A fairly simple method for figuring out which weights to use is described in the next tip. If you lift heavy, our body will respond by getting leaner and more athletic. You’ll have a self-confidence that doesn’t come to people who don’t test their physical barriers.
#8: Let The Reps Dictate the Load—The Easy Formula for Lifting Heavy
The simplest way to figure out what weight to use so that you change your body is to let the repetitions dictate the load.
This method is based off a chart in which the maximum amount you can lift is called your “1RM,” which stands for “repetition maximum.” The weight at which you can do 10 reps but no more is 75 percent of your 1RM, and 12 reps is 70 percent of your 1RM.
Here’s how it works:
If you’re training for fat loss, you’ll generally want to be working in the 8 to 12 rep range for between 4 and 8 sets. This will lead to a lot of lactic acid being produced, which is associated with a big metabolic disturbance.
So, if you are in the 10 to 12 rep range and you put 105 pounds on the squat bar, but find that you can do 13 or more reps, the weight needs to be increased. Likewise, if you can only perform 8 or 9 reps, your load is too heavy.
Say, you finish up your training cycle and decide it’s time to build strength because you have the goal of squatting your body weight. You’ll want to work in the 3 to 5 rep range with a much heavier weight than your 105 pounds, say 130 pounds.
#9: Eat Real Food—You Can’t Out-Train A Bad Diet
Many people, men and women alike, make the mistake of thinking they can eat whatever they want if they work out. But if you’ve been involved in hardcore training for any length of time you know that in the long run, you can’t out-train a bad diet.
Another common problem that plagues a lot of women who are trying to lose fat is the tendency to favor packaged, refined foods in the desire to decrease fat intake and keep track of calories. This often leads to constant hunger and a low intake of nutrients.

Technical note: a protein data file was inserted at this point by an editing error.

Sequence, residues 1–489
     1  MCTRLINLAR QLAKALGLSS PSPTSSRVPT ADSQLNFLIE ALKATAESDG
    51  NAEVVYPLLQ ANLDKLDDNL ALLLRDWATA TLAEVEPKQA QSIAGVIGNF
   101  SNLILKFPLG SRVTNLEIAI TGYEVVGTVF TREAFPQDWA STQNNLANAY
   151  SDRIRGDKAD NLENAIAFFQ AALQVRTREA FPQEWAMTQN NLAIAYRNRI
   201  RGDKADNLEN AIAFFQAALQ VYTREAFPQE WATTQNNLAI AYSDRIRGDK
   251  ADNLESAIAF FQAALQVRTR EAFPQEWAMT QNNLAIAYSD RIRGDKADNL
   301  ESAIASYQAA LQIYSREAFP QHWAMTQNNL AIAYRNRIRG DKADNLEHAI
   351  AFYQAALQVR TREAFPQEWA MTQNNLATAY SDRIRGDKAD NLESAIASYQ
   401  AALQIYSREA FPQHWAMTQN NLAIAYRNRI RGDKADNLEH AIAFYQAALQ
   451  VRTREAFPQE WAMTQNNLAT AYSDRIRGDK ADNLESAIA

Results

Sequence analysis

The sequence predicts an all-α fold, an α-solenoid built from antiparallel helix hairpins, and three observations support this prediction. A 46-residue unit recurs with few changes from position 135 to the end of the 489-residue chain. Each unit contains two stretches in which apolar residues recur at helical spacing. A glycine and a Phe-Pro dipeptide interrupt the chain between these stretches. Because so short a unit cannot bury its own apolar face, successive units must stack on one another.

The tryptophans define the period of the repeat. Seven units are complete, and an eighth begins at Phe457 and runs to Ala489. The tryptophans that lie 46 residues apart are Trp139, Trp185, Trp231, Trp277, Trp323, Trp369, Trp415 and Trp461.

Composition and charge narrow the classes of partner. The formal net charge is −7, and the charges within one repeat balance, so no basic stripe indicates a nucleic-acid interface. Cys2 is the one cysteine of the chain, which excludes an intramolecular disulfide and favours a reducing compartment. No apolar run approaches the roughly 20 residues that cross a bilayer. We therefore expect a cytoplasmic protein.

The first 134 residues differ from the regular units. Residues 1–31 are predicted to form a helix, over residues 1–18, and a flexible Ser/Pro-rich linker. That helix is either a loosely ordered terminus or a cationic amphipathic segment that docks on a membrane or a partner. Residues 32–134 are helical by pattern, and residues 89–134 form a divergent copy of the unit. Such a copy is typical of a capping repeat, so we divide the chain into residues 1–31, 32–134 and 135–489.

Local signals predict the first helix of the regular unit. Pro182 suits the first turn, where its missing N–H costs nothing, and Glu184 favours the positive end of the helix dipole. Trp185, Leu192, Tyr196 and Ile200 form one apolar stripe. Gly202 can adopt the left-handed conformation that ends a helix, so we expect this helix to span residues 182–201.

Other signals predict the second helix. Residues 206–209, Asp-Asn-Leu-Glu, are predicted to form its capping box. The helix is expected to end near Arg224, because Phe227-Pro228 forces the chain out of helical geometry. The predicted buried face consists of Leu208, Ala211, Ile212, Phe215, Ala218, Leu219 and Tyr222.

A better solution is to plan your nutrition around real whole food and identify the amount of each macronutrient of fat, protein, and carbohydrates that you want to eat.
With the right nutrition plan, you don’t even need to work out to reduce body fat, but training will accelerate results, make them sustainable, and simply makes everything about your life better.
#10: Always Have a Plan When You Walk Into the Gym
If you’re a trainer or have a background in exercise science, you know that strength training makes people stronger and builds muscle because it overloads the body, causing it to adapt.
Our bodies adapt amazingly quickly, which means that to keep making progress, you have to continually change some aspect of your workouts.
This is called periodization, and it’s basically just another word for having a good plan. For example, if you’re training for strength, over the course of six weeks, you’d continually increase your weights every two weeks, with small variations in the loads and rep-set schemes each workout.
The beauty of a periodized program is that it requires you to set specific goals and plan out your workouts for at least six weeks, so that every time you walk into the gym you know exactly what you need to do.
No wasted time repeating workouts that your body has already adapted to. And when you’re tired or stress, all have to do is get to the gym and work—no need to remember what you did last time because it should all be written down.
This method does wonders for keeping you honest and decreasing the chance of you skipping your workout.